However, there is hope: UTF-8 is a popular character encoding system widely used today. It is a system based on Unicode, a code which can represent almost any language. Any character, any symbol, any emoji can be expressed with Unicode, and with UTF-8. It is even compatible with ASCII.
B or b?
Now you know what a bit is, what a Byte is, and where they come from. Next, let's look at how they are used.
First, how they are written: bits are written as b (a small "b"), while Bytes are written as B (a capital "B").
Normally, bits are used to describe the speed of data transmission. For example, if you go to an ISP (Internet Service Provider) and get a connection to the Internet, you may ask, "How fast is it?" The ISP will answer you in bits per second, or bps. A common fiber-optic connection, for example, may be 100 Mbps, or 100 million bits per second.
Many people may mistake bps for Bps, but the two are very different. If you truly have a download speed of 100 million bits per second, that means you are getting 12.5 million Bytes per second—only 1/8th the speed you might think!
On the other hand, Bytes are used to describe an amount of data. For example, you might have a photograph which is 2 MB, or 2 million Bytes.
In everyday life, we almost always use Bytes. In the rare cases where we see "bits" used, we must translate. 1 Byte is 8 bits; 1 bit is 1/8th of a Byte.
Next, there are the prefixes used for describing large numbers. We do not usually say "a million Bytes"; instead, we say "megabyte," and we spell it "MB." Here are the different prefixes:
Generally, people do not know what these terms are until they start being used in personal computers. The first few, kilo and mega, had been known for a long time because there were used commonly—for example, a kilometer, or a megaton.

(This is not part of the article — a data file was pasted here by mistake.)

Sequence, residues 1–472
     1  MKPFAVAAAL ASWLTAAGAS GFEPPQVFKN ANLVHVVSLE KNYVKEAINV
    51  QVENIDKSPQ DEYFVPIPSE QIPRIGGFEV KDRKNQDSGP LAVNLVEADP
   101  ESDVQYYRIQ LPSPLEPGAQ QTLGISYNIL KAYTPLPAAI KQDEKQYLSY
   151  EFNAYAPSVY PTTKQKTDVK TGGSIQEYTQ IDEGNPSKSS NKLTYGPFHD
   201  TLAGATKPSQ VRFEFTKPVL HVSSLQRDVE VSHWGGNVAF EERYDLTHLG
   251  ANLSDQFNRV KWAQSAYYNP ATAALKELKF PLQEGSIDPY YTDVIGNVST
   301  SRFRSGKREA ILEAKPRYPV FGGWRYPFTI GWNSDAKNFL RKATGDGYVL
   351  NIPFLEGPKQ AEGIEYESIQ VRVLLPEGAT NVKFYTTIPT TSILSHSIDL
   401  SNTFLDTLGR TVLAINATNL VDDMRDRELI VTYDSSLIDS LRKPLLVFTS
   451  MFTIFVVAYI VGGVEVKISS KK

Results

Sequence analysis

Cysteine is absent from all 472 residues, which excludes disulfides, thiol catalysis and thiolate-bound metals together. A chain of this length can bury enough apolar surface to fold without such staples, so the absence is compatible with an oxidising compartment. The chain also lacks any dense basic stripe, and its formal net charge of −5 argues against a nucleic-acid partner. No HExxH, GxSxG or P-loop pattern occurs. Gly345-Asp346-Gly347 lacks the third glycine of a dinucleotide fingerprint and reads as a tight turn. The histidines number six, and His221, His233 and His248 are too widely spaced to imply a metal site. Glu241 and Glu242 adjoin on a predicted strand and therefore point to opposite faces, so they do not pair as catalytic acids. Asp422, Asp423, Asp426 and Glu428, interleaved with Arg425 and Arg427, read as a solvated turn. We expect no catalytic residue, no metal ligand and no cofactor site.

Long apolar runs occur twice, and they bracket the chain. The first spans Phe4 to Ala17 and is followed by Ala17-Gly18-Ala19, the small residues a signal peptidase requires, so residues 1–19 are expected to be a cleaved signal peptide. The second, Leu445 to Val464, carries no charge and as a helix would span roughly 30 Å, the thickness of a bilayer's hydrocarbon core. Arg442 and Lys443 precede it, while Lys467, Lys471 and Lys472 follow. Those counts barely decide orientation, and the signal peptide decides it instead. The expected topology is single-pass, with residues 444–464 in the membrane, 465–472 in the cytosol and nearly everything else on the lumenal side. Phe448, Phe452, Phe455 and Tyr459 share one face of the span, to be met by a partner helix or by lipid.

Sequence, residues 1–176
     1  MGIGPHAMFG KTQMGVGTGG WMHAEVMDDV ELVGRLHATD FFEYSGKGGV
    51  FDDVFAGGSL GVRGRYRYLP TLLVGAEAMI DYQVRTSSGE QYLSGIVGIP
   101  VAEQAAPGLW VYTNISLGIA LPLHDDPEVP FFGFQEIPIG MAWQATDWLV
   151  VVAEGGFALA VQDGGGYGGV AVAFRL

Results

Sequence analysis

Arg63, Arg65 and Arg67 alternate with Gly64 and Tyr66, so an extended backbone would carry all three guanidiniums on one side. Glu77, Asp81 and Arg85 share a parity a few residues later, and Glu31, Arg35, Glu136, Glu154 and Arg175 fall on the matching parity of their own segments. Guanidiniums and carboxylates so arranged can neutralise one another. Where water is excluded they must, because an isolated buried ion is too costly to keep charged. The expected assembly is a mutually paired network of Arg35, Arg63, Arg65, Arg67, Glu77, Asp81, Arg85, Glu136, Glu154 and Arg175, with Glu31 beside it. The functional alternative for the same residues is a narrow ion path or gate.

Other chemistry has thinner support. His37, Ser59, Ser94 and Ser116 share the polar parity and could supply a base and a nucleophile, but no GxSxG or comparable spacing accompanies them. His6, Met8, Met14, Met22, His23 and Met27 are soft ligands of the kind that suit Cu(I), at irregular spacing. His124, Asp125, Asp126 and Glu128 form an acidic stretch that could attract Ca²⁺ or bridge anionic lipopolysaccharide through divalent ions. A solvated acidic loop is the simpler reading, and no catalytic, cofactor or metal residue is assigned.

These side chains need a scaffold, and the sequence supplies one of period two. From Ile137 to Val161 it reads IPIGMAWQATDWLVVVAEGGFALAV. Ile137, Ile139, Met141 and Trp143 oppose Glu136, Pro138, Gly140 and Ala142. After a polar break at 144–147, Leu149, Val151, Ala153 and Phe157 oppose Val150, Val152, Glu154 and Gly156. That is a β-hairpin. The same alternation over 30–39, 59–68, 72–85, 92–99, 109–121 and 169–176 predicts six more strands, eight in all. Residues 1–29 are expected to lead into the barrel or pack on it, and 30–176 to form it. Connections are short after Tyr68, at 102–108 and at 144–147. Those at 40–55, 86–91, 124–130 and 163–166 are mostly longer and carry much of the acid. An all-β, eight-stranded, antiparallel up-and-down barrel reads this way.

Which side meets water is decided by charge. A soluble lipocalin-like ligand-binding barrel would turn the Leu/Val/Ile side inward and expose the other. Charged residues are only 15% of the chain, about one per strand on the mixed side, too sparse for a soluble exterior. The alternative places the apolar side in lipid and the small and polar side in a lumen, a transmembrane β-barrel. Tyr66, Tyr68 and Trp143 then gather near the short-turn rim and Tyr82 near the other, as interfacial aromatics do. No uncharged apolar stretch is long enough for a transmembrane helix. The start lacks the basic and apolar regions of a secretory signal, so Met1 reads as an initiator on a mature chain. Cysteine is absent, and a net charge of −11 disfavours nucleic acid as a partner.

However, giga did not really become well-known until computer storage was big enough to hold a gigabyte, which was in the mid- to late-1990's.
Before that time, people did not know what "giga" meant, and often mispronounced it as "jiga." For example, in the 1985 movie Back to the Future, Doc Brown needed to produce 1.21 gigawatts of electricity; Marty McFly, meanwhile, had no idea what that meant:
How Much Does a Byte Weigh?
Now you know what the words are. But do you understand what they mean? For example, how many songs fit in a gigabyte? If you want to store 30 minutes of video recorded on your cell phone, will a 4 GB USB flash unit be enough?
The answer is not completely easy, because not every book, photo, song, or movie is the same size. However, here is a rough estimate:
|Essay||15 KB||This might be a 1,500-word essay saved in .docx format.|
|Book||1 MB||The book would be plain text (no formatting, no images) and would be about the same as a 500-page paperback.|
|Photo||3 MB||Assuming an 8-megapixel image taken with an iPhone 5 and saved as a compressed JPG file.|
|Song||4.5 MB||This would be a 3-minute song saved in MP3 format at medium-high quality.|
|Personal Video||250 MB||Assuming a 2-minute video taken at Full HD resolution.|
|Movie||1.5 GB||Assuming a 120-minute movie at Full HD with strong H.246 compression|
From this chart, you can perhaps get a better idea of what the terms and amounts mean. For example, you could conclude that a 4 GB USB flash drive is just enough to hold half an hour of iPhone video. But it could also hold almost 900 songs, more than 1300 photos, about 4000 books, or millions of Essays!